The confusing turn of events following the mining ‘massacre’ raises serious questions about South Africa’s leadership.
South Africa has released the first of 270 miners detained more than two weeks ago after police shot dead 34 of their colleagues in a bid to break up a wildcat strike at Lonmin’s Marikana platinum mine.
“The murder charges against the accused are at this point of time withdrawn,” Magistrate Esau Bodigelo said on Monday as he released dozens of miners in the court in Ga-Rankuwa near Pretoria.
“You may stand down,” he added as applause broke out in the courtroom.
The men were charged last week under an obscure apartheid-era security law with murdering their fellow miners, despite video of the incident clearly showing it was police who fired on the strikers.
State prosecutors provisionally withdrew the murder charges at the weekend following a public outcry.
The releases are being processed in batches with no bail required but the group will return to court on February 12 next year on charges of public violence and for holding an illegal gathering.
“They [the freed miners] were really joyous when they left the court, a sense of triumph even if it is a very small triumph,” Al Jazeera’s Tania Page reported from Ga-Rankuwa on Monday.
“It vindicates them that they were allowed free after there was such an outcry against that murder charge laid against them by the National Prosecuting Authority.”
Although the murder and attempted murder charges were dropped for all 270 arrested miners, not all of them were released on Monday. Police said addresses had to be verified as a condition for their release.
“We were expecting 140 men to walk free from this court on Monday, we didn’t see that,” our correspondent said. “We think it was about 50 or 60, but we understand that on Thursday the remainder of that 270 will walk free from this court as well.”
Murder charges withdrawn
The August 16 shootings by police at the mine northwest of Johannesburg killed 34 miners and wounded 78 others in the worst display of state violence since apartheid ended in 1994.
The 270 miners were arrested and charged shortly after the shooting.
South Africa’s President Jacob Zuma also announced the launch of a commission of inquiry to determine what had taken place at Marikana.
Journalist Greg Marinovich talks to Al Jazeera about the Marikana mine shootings
The public prosecutor on Sunday provisionally dropped the murder charges brought against the miners.
Murder had been added to the chargesheet last week, after they were originally charged with public violence, illegal gathering and attempted murder.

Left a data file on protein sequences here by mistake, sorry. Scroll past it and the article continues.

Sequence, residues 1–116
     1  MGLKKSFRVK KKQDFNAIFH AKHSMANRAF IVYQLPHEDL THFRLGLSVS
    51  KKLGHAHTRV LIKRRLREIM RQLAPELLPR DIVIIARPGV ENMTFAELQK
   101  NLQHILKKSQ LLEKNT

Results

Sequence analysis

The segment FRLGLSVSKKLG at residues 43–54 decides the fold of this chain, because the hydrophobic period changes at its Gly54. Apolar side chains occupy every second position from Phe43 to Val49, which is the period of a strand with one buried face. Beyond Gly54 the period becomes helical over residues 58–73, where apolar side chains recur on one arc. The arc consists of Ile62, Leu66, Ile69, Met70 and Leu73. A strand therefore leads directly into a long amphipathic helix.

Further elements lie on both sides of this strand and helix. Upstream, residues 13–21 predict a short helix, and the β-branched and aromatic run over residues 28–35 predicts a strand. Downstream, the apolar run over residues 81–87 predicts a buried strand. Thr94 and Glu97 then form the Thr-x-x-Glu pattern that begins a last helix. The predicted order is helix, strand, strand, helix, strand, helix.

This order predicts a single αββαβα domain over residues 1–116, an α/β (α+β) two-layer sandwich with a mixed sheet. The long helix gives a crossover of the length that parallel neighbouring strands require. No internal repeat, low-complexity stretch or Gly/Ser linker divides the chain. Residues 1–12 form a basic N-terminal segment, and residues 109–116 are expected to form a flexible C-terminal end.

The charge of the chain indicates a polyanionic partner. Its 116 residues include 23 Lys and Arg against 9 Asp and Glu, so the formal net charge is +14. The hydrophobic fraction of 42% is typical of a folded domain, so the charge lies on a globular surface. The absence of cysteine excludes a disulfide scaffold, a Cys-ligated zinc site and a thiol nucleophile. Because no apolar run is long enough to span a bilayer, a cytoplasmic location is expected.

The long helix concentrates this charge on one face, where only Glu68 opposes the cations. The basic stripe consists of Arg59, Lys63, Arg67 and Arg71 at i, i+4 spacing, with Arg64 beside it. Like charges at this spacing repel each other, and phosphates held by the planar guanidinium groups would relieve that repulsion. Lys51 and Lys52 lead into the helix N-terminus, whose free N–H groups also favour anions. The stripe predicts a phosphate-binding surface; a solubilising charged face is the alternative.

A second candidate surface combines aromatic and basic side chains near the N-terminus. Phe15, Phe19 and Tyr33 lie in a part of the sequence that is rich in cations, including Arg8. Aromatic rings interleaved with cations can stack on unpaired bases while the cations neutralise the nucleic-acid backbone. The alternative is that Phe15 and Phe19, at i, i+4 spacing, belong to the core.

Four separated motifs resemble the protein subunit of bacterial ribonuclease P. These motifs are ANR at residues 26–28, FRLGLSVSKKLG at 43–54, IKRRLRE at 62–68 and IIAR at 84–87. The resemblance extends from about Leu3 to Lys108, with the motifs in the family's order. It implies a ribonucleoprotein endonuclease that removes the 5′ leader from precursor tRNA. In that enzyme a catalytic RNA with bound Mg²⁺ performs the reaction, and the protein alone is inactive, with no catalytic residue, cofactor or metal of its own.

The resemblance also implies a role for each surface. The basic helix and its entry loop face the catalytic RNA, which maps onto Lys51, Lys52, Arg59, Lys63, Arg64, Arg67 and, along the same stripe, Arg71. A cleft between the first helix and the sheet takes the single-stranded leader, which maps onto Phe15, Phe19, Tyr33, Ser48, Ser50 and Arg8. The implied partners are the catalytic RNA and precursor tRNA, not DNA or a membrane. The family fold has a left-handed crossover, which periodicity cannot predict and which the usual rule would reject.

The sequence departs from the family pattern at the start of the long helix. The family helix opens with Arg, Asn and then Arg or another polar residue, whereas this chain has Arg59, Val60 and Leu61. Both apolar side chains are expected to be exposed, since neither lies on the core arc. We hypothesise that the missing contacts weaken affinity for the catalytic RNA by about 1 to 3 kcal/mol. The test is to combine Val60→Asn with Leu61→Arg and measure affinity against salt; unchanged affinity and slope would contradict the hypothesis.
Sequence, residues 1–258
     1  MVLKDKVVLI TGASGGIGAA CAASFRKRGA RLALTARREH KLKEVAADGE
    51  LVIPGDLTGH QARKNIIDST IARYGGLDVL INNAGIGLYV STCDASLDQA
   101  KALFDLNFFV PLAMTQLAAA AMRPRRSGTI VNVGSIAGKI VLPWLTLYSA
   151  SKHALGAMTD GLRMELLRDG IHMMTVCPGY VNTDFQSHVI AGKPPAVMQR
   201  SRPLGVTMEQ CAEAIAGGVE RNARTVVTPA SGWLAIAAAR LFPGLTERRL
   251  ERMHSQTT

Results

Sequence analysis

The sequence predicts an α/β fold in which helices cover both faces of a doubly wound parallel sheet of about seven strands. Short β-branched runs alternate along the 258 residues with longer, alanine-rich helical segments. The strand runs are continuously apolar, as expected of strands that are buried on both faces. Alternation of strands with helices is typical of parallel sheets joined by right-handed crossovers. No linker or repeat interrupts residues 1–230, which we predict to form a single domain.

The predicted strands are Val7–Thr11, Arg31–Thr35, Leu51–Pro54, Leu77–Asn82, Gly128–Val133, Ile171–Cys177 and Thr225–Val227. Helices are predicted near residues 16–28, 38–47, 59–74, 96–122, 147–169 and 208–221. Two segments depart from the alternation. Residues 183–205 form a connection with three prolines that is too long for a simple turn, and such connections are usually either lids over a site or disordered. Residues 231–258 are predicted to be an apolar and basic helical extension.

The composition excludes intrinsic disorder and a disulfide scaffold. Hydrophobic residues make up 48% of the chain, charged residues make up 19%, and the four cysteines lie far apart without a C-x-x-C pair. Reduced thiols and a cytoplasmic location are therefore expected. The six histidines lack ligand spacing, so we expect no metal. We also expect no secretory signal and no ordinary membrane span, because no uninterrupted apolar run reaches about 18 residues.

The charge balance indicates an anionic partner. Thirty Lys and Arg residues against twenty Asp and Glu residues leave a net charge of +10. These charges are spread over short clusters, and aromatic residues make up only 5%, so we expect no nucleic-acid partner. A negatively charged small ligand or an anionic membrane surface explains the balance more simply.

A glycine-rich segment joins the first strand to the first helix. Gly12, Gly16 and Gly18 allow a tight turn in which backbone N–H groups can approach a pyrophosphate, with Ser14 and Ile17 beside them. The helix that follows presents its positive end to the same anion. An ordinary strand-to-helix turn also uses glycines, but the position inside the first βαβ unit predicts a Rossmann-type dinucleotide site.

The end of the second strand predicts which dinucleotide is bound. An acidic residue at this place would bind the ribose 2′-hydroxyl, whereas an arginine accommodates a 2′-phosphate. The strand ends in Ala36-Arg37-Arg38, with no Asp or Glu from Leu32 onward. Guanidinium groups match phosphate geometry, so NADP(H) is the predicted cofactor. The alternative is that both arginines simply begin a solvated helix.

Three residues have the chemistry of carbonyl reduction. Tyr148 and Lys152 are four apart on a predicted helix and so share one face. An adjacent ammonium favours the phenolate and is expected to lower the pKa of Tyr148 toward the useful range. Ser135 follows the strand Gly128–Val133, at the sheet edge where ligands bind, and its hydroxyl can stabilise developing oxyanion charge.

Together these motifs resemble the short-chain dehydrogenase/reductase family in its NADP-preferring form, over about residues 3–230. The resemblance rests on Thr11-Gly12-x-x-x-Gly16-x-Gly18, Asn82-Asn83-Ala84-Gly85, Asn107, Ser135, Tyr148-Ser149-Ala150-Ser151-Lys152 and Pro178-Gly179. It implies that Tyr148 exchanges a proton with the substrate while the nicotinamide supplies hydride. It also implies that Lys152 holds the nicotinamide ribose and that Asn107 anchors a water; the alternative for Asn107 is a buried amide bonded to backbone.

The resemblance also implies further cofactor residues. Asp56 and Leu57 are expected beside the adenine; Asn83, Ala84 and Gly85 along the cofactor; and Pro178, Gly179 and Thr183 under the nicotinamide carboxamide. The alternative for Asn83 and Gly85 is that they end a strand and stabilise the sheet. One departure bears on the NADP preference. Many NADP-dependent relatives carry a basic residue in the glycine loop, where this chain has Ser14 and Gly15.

“The murder charge against the current 270 suspects, which was provisional anyway, will be formally withdrawn provisionally in court on their next court appearance,” Nomgcobo Jiba, acting national director of prosecutions, announced on Sunday. Jiba said other charges would remain.
“It’s going to be several more months, not until after the commission of inquiry, that they [the miners] will find out what the final charges are that will be laid against them,” Al Jazeera’s Page said.
Sunday’s announcement followed a barrage of criticism from political parties, trade unions, civil society and legal experts.
Lawyers for the mineworkers have also argued that their detention is unlawful, and demanded their release in an open letter to President Zuma.
Meanwhile on Monday, at the Gold One gold mine in Springs near Johannesburg, four miners were shot and injured, apparently by security guards using rubber bullets, police said.
Police spokeswoman Pinky Tsinyane said that authorities had arrested four people for public violence.
Al Jazeera’s Haru Mutasa reports on strikes that have spread to the gold-mining sector
This comes as a strike at Gold Fields’ KDC, another gold mine, is likely to continue.
The situation is complicated,” said Al Jazeera’s Haru Mutasa, reporting from the site of the strike.
“Some employees wanted a salary increase to $1,500 per month, and some political players are trying to capitalise on this crisis.
“A strike in the gold sector would have a bad effect on the economy, in one of the world’s biggest gold producers … It’s worrying investors both in the country and abroad.”
Around 12,000 workers went on strike on Wednesday night last week.
The Association of Mineworkers and Construction Union (AMCU) was not involved in the strike, Sven Lunsche, Gold Fields spokesman said.
AMCU has been blamed for illegal strikes in the platinum sector, including at the Marikana mine, where a total of 44 people were killed last month.
Peter Turner, Gold Fields’ South African head, said on Friday the strike appeared to be the result of disagreements within organised labour.